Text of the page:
Photo: RPA

The developed coastal areas of the region are at significant risk from rising seas and increasingly destructive storms

Superstorm Sandy galvanized the region to plan for coastal storm surges. A variety of adaptation plans and projects are underway, but few grapple with the difficult reality of sea-level rise and the permanent inundation it will bring to the lowest-lying areas. Communities that have settled on barrier beaches, back bays, and river floodplains are at particular risk, and within a few decades will need to be relocated.  A small number of communities in New Jersey and on Staten Island and the south shore of Long Island have already begun to encourage residents to sell their property and move away. Many more communities need to plan for this transition—in the New Jersey Meadowlands, Long Island’s south shore, and the iconic Jersey Shore—and will need technical assistance to do it right. A further challenge is programs to buy out homeowners: while effective in the early stages of transition, buy-out programs will not be financially sustainable as currently conceived when entire communities need to be relocated.

The region’s bay areas (including the Great South Bay and South Oyster Bay on Long Island, Flushing Bay and Jamaica Bay in New York City, and Raritan Bay and Barnegat Bay in New Jersey), and tidal estuaries (including the Hackensack Meadowlands and the Navesink and Shrewsbury Rivers) are at the greatest risk of sea-level rise. Protecting the highest-risk areas is not a feasible long-term option. The New York Region at one, three and six feet of sea level rise. Source: RPA, TNC, NOAA

Gradually move housing, commerce, and infrastructure away from low-density, flood-prone areas to higher ground

Implementing this transition is imperative for our survival, but will involve difficult decisions and actions, as these shoreline areas contain active communities with homes, businesses, and essential services, many of which must be relocated. As sea levels rise and land becomes permanently inundated, retreat is inevitable, whether it is well-managed or left to market forces. We can, however, ease climate adaptation by phasing in measures over time, curbing new development, and providing strong incentives and support for people to relocate.

The process for getting to resilience in less-dense communities involves the following steps:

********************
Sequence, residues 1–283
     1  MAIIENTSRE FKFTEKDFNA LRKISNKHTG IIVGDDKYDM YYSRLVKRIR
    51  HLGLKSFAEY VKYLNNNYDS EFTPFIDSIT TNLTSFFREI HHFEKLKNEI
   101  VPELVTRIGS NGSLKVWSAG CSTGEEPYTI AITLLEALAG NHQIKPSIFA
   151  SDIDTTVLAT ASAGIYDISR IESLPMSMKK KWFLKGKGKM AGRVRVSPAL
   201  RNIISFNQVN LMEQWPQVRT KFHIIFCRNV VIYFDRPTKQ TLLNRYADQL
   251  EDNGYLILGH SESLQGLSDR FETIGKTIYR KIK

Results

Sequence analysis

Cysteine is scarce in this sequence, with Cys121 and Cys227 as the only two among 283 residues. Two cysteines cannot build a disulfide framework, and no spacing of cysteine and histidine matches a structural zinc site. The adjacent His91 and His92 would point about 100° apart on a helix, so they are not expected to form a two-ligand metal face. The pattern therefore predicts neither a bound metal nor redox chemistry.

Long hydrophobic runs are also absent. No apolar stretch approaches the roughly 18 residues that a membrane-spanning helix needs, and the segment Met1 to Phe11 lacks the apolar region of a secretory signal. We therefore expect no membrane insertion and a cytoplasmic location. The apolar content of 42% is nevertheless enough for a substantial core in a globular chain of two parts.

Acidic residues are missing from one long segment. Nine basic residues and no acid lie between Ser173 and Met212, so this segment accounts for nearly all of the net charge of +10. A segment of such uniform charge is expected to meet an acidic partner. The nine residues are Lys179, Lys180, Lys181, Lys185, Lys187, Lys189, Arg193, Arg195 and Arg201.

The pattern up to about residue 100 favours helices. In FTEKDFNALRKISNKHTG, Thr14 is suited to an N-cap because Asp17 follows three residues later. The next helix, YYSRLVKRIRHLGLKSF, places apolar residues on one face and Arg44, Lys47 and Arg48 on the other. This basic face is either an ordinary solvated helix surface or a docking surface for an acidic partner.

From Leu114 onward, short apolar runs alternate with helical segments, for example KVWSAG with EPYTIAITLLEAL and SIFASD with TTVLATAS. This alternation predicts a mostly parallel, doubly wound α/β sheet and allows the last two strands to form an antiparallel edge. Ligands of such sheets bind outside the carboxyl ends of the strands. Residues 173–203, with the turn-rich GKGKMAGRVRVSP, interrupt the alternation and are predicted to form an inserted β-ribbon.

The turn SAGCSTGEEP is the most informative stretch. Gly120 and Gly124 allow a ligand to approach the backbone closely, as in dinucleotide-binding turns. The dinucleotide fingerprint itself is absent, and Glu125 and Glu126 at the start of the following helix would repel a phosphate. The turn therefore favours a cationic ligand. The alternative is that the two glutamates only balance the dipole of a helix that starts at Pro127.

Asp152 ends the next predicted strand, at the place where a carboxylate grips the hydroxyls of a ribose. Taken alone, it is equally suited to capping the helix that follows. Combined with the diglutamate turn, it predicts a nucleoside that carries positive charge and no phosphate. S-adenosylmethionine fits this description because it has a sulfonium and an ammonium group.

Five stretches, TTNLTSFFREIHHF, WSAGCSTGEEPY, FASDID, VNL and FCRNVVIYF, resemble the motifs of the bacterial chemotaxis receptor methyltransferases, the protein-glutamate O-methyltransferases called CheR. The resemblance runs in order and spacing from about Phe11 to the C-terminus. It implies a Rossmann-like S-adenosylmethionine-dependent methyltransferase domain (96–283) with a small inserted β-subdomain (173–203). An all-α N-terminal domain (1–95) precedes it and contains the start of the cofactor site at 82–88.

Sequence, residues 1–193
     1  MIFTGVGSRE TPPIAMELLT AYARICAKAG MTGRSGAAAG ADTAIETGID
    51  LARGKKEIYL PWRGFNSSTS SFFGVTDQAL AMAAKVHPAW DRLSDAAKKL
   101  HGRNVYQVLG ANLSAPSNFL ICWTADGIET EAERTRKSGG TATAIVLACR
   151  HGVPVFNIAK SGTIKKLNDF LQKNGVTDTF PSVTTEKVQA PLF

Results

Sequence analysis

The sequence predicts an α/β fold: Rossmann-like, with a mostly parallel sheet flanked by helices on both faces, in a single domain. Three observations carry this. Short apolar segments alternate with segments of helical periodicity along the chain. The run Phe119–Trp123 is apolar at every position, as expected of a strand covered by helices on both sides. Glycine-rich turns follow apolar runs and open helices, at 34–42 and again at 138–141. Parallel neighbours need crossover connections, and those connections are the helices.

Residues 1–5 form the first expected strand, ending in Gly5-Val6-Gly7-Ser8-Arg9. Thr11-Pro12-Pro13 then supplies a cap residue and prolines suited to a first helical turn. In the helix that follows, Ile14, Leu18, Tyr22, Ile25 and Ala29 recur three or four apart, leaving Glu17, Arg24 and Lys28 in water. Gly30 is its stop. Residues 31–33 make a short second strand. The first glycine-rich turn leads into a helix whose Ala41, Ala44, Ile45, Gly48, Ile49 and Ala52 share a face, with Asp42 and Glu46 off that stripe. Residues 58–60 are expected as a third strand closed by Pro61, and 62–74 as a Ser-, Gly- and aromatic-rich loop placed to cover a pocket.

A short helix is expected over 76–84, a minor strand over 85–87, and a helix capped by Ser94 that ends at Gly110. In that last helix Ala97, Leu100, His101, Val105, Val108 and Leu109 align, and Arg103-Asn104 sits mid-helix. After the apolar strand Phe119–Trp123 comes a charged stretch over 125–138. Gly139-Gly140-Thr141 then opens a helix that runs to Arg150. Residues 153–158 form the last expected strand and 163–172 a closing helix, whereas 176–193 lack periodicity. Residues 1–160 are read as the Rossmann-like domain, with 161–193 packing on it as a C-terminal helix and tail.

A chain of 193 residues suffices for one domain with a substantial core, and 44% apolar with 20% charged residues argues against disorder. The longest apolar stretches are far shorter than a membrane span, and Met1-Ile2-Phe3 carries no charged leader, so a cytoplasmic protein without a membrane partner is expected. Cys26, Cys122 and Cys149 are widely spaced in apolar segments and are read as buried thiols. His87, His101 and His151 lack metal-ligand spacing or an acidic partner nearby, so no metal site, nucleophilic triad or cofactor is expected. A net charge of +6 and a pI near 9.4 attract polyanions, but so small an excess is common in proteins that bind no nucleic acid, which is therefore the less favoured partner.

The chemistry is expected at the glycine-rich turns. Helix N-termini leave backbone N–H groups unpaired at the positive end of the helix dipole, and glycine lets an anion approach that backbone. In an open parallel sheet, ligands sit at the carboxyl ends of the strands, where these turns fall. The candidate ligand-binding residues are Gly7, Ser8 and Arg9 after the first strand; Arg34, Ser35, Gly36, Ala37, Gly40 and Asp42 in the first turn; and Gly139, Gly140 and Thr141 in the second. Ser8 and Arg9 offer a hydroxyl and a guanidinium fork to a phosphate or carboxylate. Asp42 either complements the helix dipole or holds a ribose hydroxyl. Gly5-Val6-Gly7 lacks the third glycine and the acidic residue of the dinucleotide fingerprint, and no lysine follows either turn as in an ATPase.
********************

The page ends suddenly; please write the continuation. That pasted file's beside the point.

Know what’s at risk

Using federal flood maps, repetitive loss data, and storm surge and sea-level rise models, municipalities should comprehensively analyze which areas are at greatest risk. There are numerous free, user-friendly, web-based tools (such as the Coastal Resilience tools from The Nature Conservancy and Rutgers University, and Climate Central’s Surging Seas tools) along with government, universities, and nonprofit organizations that can provide support. Additionally, a peer-to-peer network of municipalities like the New York Region Climate Action Network allows for the exchange of ideas and best practices concerning long-term adaptation. High-quality and accessible data is critical for informing which combination of adaptation strategies is best-suited for the community.

Place a moratorium on new development in areas at greatest risk of flooding and destruction

Once the areas at greatest risk are identified, a moratorium on new development in these places should be put into effect. It is the responsibility of the government (federal, state, and local) to ensure additional residents will not be put in harm’s way.

Plan for long-term adaptation

Municipalities with high-risk coastal areas should comprehensively overhaul local zoning and building codes to reflect the realities of climate change and its consequences. Zoning regulations should be updated to discourage growth in high flood-risk areas and encourage growth and redevelopment in low flood-risk areas. Building codes in all waterfront communities should be adapted to make any future development or redevelopment in lower-risk flood zones more resilient.